Tapper: Equating despotism with leadership is not an American value

Tapper: Trump's views on dictators concerning
Tapper: Trump's views on dictators concerning


    Tapper: Trump's views on dictators concerning


Tapper: Trump's views on dictators concerning 03:08

(CNN)"Equating brutality and despotism with leadership is not an American value," CNN's Jake Tapper said on Monday in response to President Donald Trump's pattern of expressing admiration for authoritarian leaders.

Tapper's comments come after a weekend of controversial statements by Trump, who called North Korean dictator Kim Jong Un a "pretty smart cookie" during a CBS "Face the Nation" interview on Sunday, and said in an interview with Bloomberg News the next day he would be "honored" to meet with him.
"Kim Jong Un had his uncle murdered." Tapper said on "The Lead."
"That doesn't make Kim Jong Un a smart cookie -- that makes him a murderer."
    As Tapper noted, Kim is not the only "brutal dictator" or despot Trump reached out to over the weekend. The President also had a "very friendly conversation" with the president of the Philippines, Rodrigo Duterte, and invited him to the White House.
    The Philippines' leader and his regime have been accused of engaging in crimes against humanity, including extrajudicial killings of at least 7,000 of his own people, according to Amnesty International. Duterte bragged about personally committing some of those murders himself, and has stated that some journalists should be assassinated.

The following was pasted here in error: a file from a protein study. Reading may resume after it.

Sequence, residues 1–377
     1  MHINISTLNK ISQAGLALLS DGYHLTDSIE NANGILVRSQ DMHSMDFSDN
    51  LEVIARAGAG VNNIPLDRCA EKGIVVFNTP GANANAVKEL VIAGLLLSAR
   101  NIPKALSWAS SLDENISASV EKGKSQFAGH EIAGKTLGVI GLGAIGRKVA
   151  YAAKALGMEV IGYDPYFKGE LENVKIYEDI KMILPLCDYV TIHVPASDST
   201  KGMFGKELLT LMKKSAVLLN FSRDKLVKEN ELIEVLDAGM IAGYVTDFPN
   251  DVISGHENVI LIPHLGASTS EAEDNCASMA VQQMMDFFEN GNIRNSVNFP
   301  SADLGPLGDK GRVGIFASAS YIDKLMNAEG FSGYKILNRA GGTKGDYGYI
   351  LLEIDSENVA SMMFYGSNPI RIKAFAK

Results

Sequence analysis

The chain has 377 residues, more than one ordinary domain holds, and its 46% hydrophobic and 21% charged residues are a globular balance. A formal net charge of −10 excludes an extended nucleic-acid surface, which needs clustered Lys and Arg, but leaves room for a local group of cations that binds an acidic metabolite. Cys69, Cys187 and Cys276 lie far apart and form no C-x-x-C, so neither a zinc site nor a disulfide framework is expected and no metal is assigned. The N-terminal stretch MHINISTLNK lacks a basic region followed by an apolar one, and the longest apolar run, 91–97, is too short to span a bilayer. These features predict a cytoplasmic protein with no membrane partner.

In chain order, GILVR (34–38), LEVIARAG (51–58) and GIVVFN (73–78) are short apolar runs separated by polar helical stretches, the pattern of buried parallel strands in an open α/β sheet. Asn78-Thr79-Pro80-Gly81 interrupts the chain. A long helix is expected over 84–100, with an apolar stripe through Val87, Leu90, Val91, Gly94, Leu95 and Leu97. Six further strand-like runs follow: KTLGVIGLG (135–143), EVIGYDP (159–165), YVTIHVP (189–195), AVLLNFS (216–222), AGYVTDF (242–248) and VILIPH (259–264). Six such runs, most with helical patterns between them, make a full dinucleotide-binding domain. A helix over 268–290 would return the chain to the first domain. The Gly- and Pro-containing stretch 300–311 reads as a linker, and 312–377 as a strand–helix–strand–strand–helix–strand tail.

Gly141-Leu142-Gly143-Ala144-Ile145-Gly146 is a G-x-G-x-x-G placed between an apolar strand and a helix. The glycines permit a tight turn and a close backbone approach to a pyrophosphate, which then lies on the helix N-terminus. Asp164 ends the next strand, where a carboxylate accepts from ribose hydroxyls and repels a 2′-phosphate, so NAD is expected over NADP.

Trump also recently called Turkey's Recep Tayyip Erdogan to congratulate him on winning a referendum that greatly extends his presidential powers -- a "power grab," as Tapper called it.
    "He has kind words for Vladimir Putin, the Chinese despots who perpetrated the Tiananmen Square massacre," Tapper recalled. "He said that Saddam Hussein and Moammar Gadhafi were bad guys, but Iraq and Libya were in better shape during their despotic regimes."
    Tapper also shone a light on Trump's statements, saying we have to take on "archaic" Senate rules, and his chief of staff's admission that the White House has spent time looking at ways to change libel laws, calling it a "desire to change the constitutional systems we have in place to protect the nation from any theoretical would-be dictators"
    "James Madison be damned," he mused.